Thursday, August 20, 2009

Love and Summer by William Trevor (a review)

Love and Summer: A Novel
5 out of 5: In this slim novel, the fourteenth from Irish author William Trevor, an illicit love affair develops in a provincial Irish town in the 1950s. The story unfolds slowly through shifting points of view, including that of the two lovers and other townspeople, the perspective often so close we feel we’re inside the characters’ minds. With constrained prose hinting at hidden depths of meaning, Trevor gracefully weaves together multiple view points. The effect is truly brilliant, calling to mind Virginia Woolf’s Mrs. Dalloway. Like Woolf’s classic, Love and Summer is a masterpiece of narrative structure.

The past haunts the characters populating this novel, whether it’s an aborted fetus, a tragic accident, a childhood love, or a once grand estate. Indeed, one mentally unstable character actually lives in the past, believing his wealthy employers to still need his services although the family departed decades ago. Trevor’s prose reflects this ever-present haunting. Everything “was done” or “had been.” About a person, it is said, “Her night was spent there,” about a dog, “Jessie she was called,” and about a nun, “Sister Agnes the geography nun had been.” Scattered throughout the novel, these inverted sentences impart an atmosphere of plaintive passivity. Trevor’s characters wallow in the murky swamp of their past regrets, never to break free and live a life filled with action verbs. A moving and beautifully told love story.

4 comments:

Zibilee said...

This sounds like a great book. I am going to be taking a better look at it, and probably putting it on my wish list. Very nice review!

Diane said...

Such a wonderful review. This is one book that I am waiting for --my kind of book. Thanks

An Anonymous Child said...

It seems quite interesting but I can also see how the "was done"s might begin to annoy at some point. I suppose it could go either way, though the story does sound fairly intriguing.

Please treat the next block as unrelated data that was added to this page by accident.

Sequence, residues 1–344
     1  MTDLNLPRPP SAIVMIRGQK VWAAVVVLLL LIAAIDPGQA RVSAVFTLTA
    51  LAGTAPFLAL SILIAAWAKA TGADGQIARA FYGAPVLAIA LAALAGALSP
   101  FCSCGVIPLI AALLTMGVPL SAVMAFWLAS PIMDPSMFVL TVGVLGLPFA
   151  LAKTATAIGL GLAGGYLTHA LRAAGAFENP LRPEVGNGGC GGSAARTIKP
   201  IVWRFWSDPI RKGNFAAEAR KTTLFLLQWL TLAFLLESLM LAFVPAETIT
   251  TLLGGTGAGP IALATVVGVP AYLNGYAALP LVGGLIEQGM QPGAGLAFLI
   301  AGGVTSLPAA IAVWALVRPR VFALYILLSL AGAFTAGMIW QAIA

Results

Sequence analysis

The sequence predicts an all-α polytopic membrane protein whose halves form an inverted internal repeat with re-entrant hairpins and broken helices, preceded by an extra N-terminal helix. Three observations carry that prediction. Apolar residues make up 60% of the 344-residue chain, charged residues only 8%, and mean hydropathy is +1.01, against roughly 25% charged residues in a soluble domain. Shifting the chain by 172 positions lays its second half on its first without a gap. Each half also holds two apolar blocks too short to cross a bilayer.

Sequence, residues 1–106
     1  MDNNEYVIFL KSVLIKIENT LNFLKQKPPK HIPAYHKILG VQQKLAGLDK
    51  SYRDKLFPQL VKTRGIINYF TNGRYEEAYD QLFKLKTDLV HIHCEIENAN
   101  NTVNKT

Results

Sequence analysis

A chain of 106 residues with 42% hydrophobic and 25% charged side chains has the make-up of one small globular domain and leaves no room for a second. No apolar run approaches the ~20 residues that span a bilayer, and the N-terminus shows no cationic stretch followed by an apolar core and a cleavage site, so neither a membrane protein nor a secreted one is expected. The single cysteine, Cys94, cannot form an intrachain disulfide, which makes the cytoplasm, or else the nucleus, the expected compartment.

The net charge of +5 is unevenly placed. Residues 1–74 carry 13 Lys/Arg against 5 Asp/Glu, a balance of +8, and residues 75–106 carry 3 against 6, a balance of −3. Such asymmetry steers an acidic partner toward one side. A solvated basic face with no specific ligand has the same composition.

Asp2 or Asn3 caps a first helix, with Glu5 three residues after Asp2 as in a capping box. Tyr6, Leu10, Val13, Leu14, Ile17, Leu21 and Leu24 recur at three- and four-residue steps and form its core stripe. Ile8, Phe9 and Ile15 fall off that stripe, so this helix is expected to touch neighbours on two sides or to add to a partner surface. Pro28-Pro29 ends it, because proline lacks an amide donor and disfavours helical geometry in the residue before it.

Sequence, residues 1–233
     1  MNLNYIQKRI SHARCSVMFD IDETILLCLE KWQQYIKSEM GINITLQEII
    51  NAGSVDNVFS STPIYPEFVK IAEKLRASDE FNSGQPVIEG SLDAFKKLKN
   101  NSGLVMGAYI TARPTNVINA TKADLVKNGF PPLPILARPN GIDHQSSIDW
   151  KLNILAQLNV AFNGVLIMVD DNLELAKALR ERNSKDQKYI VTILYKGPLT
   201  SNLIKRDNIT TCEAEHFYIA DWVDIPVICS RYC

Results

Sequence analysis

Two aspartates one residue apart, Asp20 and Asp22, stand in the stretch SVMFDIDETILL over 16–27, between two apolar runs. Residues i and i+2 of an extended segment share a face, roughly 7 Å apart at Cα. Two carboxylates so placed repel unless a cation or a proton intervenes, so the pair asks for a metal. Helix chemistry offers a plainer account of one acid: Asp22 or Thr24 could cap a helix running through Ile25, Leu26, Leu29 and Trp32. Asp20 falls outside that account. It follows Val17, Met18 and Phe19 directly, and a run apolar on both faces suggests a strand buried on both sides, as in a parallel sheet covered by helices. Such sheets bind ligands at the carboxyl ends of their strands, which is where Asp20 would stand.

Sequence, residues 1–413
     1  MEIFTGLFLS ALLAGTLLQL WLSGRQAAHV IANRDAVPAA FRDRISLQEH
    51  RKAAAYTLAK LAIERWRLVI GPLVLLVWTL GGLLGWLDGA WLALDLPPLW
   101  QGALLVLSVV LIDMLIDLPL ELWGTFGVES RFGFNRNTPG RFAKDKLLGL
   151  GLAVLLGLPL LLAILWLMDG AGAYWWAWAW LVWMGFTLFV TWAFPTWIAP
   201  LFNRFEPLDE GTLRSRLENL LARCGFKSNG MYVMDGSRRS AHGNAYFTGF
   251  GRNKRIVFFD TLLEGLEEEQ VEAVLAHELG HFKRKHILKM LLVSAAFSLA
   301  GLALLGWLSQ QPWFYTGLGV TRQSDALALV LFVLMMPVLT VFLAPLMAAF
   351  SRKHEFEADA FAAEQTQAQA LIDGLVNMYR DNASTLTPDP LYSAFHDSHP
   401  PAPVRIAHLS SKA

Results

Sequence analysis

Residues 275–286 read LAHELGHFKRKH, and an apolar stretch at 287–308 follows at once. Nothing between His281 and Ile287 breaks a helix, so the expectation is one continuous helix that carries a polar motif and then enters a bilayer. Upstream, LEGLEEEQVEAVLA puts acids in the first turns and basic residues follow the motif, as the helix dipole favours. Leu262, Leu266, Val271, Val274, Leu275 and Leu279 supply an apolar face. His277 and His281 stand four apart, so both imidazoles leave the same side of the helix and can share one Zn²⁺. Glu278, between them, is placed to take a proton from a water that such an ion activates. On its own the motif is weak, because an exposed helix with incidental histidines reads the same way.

Michael said...

I'm inclined to disagree completely. Firstly I found – and perhaps, being Irish, it's because I've been so exposed to it – that Trevor's new work relies on what many an Irish author falsely assumes to be an indefatigable setting: the sleepy rural town planted squarely somewhere in the middle of the twentieth century. How refreshing would it be if we were to move into the twenty-first century and dispell this sepia romanticised image of bygone Ireland!

The romance I found to be implausible. After mere sightings and the briefest of conversations, Ellie proclaims she is in love with Florian, a declaration leaving me agape, the only possible excuse being some form of projection of unfulfilled childhood fantasies of what love should look like (half-Italian, it seems).

I admit that the book is not without its merits - Ellie's marriage to Mr Dillahan, for example, is a very delicately portrayed rapport based not on love but on a mutual kindness and politeness, seeming as though they never quite got beyond their former relationship as master and house help. Miss Connulty, too, though only a cameo, is an interesting presence in the book and her backstory of abandonment, abortion and lack of maternal love was touching and masterful. A character who might step in and tear apart (the artificially brought together...) Ellie and Florian turns out instead to be, as one critic put it, the safety net for Ellie when the romance fails, advising her with love and wisdom of her past experiences.

However, throughout much of the book it felt as though, as a reader, I was being led. Trevor grabs you by the nose and pulls you along, leaving nothing to the imagination, instead stating every advancement lest it pass you by.

The shifting from character to character was not always smoothly effected, seeming sometimes jarring when done at the wrong moment.

And, finally, it seemed to me that many of the characters were shadows of other characters in the same book - how many of them were haunted by figures from their past? Florian had Isabella, Miss Connulty had the lodger, Orpen Wren (an absurd and unrealistic character) had the St. Johns, Mr Dillahan had his wife and child... etc.

I was disappointed to see this book on the Man Booker longlist.

It's interesting to hear your opposite point of view on the book though, which was expressed wonderfully, though I'd question the comparison to Mrs. Dalloway which, in my esteem, is a far superior book.